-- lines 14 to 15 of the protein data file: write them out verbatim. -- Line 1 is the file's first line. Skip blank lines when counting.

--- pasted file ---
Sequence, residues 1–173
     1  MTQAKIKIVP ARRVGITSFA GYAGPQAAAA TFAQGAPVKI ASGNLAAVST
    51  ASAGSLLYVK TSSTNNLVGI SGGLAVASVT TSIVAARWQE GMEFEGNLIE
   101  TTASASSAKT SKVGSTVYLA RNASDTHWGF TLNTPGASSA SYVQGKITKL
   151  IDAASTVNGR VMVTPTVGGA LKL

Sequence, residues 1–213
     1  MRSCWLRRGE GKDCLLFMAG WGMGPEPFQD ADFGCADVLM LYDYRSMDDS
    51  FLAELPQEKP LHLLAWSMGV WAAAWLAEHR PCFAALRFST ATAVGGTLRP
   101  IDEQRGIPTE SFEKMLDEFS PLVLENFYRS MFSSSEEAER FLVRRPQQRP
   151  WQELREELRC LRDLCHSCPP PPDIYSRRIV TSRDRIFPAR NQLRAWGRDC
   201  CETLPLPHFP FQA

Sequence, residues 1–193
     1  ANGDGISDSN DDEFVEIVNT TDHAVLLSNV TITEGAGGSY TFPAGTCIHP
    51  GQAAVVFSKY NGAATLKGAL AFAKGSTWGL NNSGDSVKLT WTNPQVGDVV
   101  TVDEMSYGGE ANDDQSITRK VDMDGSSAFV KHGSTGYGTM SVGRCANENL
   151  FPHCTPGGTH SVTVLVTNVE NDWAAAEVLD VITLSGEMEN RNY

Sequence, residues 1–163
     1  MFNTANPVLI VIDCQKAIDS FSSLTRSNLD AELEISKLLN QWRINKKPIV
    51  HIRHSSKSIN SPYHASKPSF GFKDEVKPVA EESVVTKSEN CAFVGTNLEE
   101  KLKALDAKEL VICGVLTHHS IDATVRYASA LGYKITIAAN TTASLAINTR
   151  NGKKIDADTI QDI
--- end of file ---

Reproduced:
    51  GQAAVVFSKY NGAATLKGAL AFAKGSTWGL NNSGDSVKLT WTNPQVGDVV
   101  TVDEMSYGGE ANDDQSITRK VDMDGSSAFV KHGSTGYGTM SVGRCANENL